Unclear in audience, theme, and even grammar, this misses the mark.



A debut novel seeks to redefine YA.

A single summer can change things. For Peter Grady, 12 ½ years old, epileptic, bullied, and lonely, the summer is being transformed by absences (his father, his friends) and presences (charismatic 20-something Josh, disabled Uncle Herb, and kind neighbors Mr. Terry and Mr. James, a gay couple). Mihaley seemingly wants to tell a story of growth through Peter’s friendship with Josh, who believes God speaks to him and is building an ark after a couple of months without rain. Instead, the book is packed with issues, few of which are given time to breathe. Frequent perspective changes to the adults, as when Herb feels down about the toll his care takes on the family or when Nick, Peter’s father, searches for old crushes on Facebook, dilute Peter’s story. Nick’s casual homophobia and cruelty to Herb (he shoves him from his wheelchair onto the floor) are left unquestioned by the text, as are several outdated and needless racist references to Native Americans. All characters are assumed white. The careless, neglectful behavior by the adults—epileptic Peter rides a bike solo despite several breakthrough seizures, and his mother doesn’t call a doctor to discuss them; two children and an adult with spastic tetraplegia are left alone daily—is difficult to contextualize but leaves an uneasy sense of deeper problems.

Unclear in audience, theme, and even grammar, this misses the mark. (Fiction. 13-adult)

Pub Date: Dec. 4, 2018

ISBN: 978-1-61775-712-9

Page Count: 278

Publisher: Kaylie Jones/Akashic

Review Posted Online: Oct. 15, 2018

Kirkus Reviews Issue: Nov. 1, 2018

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This story is necessary. This story is important.

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Sixteen-year-old Starr Carter is a black girl and an expert at navigating the two worlds she exists in: one at Garden Heights, her black neighborhood, and the other at Williamson Prep, her suburban, mostly white high school.

Walking the line between the two becomes immensely harder when Starr is present at the fatal shooting of her childhood best friend, Khalil, by a white police officer. Khalil was unarmed. Khalil’s death becomes national news, where he’s called a thug and possible drug dealer and gangbanger. His death becomes justified in the eyes of many, including one of Starr’s best friends at school. The police’s lackadaisical attitude sparks anger and then protests in the community, turning it into a war zone. Questions remain about what happened in the moments leading to Khalil’s death, and the only witness is Starr, who must now decide what to say or do, if anything. Thomas cuts to the heart of the matter for Starr and for so many like her, laying bare the systemic racism that undergirds her world, and she does so honestly and inescapably, balancing heartbreak and humor. With smooth but powerful prose delivered in Starr’s natural, emphatic voice, finely nuanced characters, and intricate and realistic relationship dynamics, this novel will have readers rooting for Starr and opening their hearts to her friends and family.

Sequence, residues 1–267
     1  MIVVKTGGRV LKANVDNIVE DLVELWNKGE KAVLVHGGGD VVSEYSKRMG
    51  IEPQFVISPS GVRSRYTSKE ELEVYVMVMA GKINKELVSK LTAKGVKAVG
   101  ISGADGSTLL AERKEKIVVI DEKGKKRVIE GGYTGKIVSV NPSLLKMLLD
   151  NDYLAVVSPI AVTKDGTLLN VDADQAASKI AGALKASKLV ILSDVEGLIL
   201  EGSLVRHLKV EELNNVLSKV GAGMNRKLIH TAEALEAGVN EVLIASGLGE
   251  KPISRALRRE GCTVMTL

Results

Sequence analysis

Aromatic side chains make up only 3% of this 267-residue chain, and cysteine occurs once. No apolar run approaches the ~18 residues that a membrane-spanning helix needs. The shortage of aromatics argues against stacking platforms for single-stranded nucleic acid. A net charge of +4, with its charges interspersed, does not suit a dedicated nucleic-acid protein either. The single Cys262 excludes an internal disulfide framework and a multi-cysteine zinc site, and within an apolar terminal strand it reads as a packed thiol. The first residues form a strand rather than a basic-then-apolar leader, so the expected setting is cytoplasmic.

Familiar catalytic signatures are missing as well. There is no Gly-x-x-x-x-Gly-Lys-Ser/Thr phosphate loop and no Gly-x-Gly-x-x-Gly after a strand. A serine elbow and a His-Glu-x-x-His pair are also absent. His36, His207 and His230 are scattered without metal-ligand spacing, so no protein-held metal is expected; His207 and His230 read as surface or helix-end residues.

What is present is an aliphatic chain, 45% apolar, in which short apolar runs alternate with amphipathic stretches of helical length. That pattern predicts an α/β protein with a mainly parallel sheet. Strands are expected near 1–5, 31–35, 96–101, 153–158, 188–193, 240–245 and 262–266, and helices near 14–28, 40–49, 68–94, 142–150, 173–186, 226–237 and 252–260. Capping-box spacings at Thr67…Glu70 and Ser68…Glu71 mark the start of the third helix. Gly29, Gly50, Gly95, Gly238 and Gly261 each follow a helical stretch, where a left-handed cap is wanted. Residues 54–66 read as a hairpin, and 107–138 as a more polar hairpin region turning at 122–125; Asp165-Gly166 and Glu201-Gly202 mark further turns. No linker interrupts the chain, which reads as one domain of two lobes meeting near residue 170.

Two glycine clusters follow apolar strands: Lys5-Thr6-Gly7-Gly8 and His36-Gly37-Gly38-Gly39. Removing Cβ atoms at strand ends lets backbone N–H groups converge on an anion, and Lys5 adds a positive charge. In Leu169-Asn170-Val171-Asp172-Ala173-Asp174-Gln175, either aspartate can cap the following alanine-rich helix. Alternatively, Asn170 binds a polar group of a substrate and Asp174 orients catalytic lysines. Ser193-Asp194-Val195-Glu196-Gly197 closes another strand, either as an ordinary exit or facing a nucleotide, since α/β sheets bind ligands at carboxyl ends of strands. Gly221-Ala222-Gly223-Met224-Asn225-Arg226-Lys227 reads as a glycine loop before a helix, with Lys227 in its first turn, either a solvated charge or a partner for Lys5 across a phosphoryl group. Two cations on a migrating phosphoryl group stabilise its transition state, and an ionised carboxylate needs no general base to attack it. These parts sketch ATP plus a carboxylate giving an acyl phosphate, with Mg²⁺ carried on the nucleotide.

This story is necessary. This story is important. (Fiction. 14-adult)

Pub Date: Feb. 28, 2017

ISBN: 978-0-06-249853-3

Page Count: 464

Publisher: Balzer + Bray/HarperCollins

Review Posted Online: Dec. 6, 2016

Kirkus Reviews Issue: Dec. 15, 2016

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An unpolished grab bag of incidents that tries to make a point about racial inequality.


Two teenage girls—Lena and Campbell—come together following a football game night gone wrong.

Campbell, who is white and new to Atlanta, now attends the school where Lena, who is black, is a queen bee. At a game between McPherson High and their rival, a racist slur leads to fights, and shots are fired. The unlikely pair are thrown together as they try to escape the dangers on campus only to find things are even more perilous on the outside; a police blockade forces them to walk through a dangerous neighborhood toward home. En route, a peaceful protest turns into rioting, and the presence of police sets off a clash with protestors with gruesome consequences. The book attempts to tackle racial injustice in America by offering two contrasting viewpoints via narrators of different races. However, it portrays black characters as violent and criminal and the white ones as excusably ignorant and subtly racist, seemingly redeemed by moments when they pause to consider their privileges and biases. Unresolved story arcs, underdeveloped characters, and a jumpy plot that tries to pack too much into too small a space leave the story lacking. This is not a story of friendship but of how trauma can forge a bond—albeit a weak and questionable one—if only for a night.

An unpolished grab bag of incidents that tries to make a point about racial inequality. (Fiction. 15-adult)

Pub Date: Aug. 6, 2019

ISBN: 978-1-4926-7889-2

Page Count: 272

Publisher: Sourcebooks Fire

Review Posted Online: May 22, 2019

Kirkus Reviews Issue: June 15, 2019

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